The draft Climate Change and Energy Transition Law aims to establish Low Emission Zones (LEZs) in all cities with more than 50,000 inhabitants, which means that at least 149 Spanish cities and 53% of the population will be affected.
The aim of these LEZs is double: to reduce the use of private cars and to reform the public space to move towards more sustainable, safer and cleaner mobility, but at the same time they will have a direct impact on both the city’s infrastructure and the daily lives of its inhabitants.
Therefore, in which zone should an LEZ be located and what criteria should be taken into account?
The best way to implement an LEZ is to carry out a preliminary study that includes objective criteria, based on the variables that determine urban livability, to determine the most appropriate scope of the LEZ.
Where should a LEZ be established? Criteria to consider
The first step in determining the scope of an LEZ is to carry out a preliminary study of the areas into which the city is divided and to draw up or adapt the local mobility plan (PMU).
This is done by zoning the different areas to be studied and analysing objective criteria such as:
- Characteristics of the urban housing stock, including the total population and vulnerable groups
- Typology, age and total number of dwellings
- Educational or health facilities close to busy roads
- Hospitality, leisure and office facilities
- Green areas
- Noise map
- Air quality map
- Attraction of vehicle trips with congestion
Air quality index as a zoning criteria
While data for most of the criteria can be obtained in a simple way (e.g. through mobility plans), mapping air quality is a more complex task as it is influenced by a multitude of variable daily factors such as traffic volume, presence of green areas and pedestrian zones, influence of ambient conditions …..
This requires the selection of a number of representative sites where different fractions of particulate matter and several gaseous pollutants can be monitored.
This can be done either by AQMS mobile stations or by portable air quality monitoring stations, which will be placed at the various selected points to collect data in real time during the measurement campaign period.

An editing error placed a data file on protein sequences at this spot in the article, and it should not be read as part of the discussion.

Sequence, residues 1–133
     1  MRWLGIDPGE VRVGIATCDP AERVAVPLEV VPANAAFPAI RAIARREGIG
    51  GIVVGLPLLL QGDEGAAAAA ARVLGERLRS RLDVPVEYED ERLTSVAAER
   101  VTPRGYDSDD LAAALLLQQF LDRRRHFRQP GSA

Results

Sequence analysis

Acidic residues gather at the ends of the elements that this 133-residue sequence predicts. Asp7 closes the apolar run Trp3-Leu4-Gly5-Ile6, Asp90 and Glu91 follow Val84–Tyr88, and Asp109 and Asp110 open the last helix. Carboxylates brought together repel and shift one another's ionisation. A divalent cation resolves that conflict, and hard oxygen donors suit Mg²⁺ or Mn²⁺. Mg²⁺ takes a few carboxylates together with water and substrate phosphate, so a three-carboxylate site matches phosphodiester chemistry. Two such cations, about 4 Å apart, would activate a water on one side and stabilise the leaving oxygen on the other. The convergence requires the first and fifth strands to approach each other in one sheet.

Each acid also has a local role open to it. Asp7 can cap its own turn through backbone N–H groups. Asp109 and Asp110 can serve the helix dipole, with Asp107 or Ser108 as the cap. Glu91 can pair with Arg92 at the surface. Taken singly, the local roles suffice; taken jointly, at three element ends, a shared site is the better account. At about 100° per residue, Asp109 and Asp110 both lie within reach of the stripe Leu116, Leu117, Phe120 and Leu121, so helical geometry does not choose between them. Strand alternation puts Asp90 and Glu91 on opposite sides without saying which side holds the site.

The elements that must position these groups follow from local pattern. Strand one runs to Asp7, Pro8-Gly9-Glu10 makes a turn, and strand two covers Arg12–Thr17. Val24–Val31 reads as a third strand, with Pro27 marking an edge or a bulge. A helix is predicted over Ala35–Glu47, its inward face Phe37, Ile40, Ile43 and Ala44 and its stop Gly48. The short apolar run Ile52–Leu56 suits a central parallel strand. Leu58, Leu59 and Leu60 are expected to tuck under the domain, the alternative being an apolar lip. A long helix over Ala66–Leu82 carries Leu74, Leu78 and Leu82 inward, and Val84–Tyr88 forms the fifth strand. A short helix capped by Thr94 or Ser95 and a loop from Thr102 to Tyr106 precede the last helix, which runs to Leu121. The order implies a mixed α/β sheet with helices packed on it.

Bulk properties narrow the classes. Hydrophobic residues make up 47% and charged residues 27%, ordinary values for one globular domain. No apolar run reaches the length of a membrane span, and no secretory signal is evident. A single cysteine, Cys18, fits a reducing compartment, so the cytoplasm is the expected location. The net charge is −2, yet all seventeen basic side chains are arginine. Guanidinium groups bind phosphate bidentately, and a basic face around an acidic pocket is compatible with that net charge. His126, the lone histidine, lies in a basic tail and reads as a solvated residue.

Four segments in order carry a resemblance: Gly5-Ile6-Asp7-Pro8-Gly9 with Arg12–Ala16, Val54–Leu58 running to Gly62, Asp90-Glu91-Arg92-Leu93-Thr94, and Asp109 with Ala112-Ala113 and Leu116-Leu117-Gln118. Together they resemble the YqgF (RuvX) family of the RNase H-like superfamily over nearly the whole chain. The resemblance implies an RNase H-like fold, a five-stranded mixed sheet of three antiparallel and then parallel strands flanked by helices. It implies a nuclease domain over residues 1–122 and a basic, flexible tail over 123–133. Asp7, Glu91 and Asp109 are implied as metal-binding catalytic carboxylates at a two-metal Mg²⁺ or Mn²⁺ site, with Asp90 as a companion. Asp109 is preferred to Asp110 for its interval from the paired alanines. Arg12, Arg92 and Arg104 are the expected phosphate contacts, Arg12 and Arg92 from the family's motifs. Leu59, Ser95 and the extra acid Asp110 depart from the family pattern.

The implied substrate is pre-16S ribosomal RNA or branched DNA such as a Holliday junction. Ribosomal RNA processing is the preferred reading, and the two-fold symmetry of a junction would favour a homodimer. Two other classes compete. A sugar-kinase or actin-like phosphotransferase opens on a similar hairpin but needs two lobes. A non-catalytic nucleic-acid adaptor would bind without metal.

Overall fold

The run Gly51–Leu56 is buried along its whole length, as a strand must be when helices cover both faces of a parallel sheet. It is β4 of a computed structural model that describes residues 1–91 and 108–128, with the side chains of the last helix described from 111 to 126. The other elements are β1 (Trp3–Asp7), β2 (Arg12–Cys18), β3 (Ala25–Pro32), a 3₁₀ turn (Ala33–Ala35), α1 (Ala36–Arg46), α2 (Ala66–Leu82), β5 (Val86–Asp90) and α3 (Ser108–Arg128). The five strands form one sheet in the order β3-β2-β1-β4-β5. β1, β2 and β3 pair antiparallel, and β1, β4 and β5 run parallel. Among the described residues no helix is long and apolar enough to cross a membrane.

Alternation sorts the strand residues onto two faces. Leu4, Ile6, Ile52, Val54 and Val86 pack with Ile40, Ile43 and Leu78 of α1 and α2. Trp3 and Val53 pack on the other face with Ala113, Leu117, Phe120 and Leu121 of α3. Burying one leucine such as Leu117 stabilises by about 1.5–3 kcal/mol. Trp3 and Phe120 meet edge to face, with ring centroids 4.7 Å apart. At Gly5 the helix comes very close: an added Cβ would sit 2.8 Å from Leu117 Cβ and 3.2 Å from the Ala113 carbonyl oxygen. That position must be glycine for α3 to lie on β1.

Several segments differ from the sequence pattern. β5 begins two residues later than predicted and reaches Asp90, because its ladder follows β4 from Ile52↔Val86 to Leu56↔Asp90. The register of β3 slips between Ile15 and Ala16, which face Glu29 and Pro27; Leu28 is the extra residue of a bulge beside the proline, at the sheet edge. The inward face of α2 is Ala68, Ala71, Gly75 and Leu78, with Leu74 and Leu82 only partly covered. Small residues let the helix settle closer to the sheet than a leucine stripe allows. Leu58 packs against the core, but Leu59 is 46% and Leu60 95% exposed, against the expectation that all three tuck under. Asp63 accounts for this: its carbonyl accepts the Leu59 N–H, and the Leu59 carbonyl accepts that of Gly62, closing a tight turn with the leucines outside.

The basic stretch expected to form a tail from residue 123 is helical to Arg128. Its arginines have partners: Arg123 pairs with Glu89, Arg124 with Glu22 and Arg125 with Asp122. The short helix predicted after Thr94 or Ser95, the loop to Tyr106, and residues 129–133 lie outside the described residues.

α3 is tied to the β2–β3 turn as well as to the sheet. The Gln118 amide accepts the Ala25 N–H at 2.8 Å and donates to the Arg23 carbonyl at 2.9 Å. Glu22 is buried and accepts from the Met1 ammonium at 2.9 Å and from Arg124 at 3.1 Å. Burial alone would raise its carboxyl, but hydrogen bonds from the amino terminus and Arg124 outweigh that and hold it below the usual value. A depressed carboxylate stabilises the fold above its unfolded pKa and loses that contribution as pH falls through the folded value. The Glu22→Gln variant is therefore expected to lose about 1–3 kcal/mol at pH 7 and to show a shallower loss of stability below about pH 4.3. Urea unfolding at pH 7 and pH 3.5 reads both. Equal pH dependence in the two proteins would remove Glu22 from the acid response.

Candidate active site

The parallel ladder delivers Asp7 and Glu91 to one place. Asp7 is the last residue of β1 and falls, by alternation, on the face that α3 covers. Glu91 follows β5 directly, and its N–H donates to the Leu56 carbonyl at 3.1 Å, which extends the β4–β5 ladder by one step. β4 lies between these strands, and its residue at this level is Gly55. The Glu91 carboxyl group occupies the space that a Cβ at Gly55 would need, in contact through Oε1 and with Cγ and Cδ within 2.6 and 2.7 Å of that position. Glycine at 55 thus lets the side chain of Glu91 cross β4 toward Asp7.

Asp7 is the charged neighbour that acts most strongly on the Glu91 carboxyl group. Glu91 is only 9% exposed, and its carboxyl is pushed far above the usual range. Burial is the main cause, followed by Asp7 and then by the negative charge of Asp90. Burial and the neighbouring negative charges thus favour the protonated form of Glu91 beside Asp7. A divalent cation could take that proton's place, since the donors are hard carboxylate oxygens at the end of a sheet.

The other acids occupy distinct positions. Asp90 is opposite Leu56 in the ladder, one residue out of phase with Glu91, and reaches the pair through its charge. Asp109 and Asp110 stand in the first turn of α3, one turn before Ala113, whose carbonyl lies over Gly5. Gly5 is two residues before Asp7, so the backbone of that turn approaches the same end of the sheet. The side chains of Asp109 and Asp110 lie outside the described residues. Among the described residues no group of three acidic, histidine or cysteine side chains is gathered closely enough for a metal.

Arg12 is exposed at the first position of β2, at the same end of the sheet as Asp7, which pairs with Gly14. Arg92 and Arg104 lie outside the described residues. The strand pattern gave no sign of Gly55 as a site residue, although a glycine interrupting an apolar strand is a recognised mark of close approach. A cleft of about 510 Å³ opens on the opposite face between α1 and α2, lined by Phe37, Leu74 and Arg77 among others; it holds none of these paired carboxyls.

Once the data has been collected, air quality is assessed using an objective index, the Air Quality Index (AQI).
The AQI defines 6 categories of air quality: good, quite good, fair, unfavourable, very unfavourable, extremely unfavourable.
Each monitoring station is assigned the worst air quality category for each of the pollutants considered in the assessment. The pollutants included in the index are:
- Particulate matter (PM10)
- Particulate matter (PM2.5)
- Tropospheric ozone (O3)
- Nitrogen dioxide (NO2)
- Sulphur dioxide (SO2)
Under current legislation, the air quality index is calculated using the following time averages:
- For NO2 and SO2: The average concentration over the last hour is used.
- For O3: The moving average of concentrations over the last 8 hours is used.
- For PM10 and PM2.5 the moving average of the last 24 hours is used.
From here, the AQI is calculated at each sampling point based on the average concentrations of NO2, O3, SO2, PM2.5 and PM10, and the representative air quality index for each zone is determined.
Approach to the implementation of environmental zones
Once the scores for each of the criteria have been obtained for each of the zones, a multivariate analysis is carried out, marking those with a score equal to or greater than 3, thus indicating those which, according to objective criteria, meet the optimal conditions for the establishment of an LEZ.
Finally, in order to ensure successful implementation of the LEZ, legal certainty and public acceptance, it is important to carry out a SWOT analysis of the proposed zones, assessing, for example, the degree of impact on residents, existing subsidies, environmental impact and social acceptance.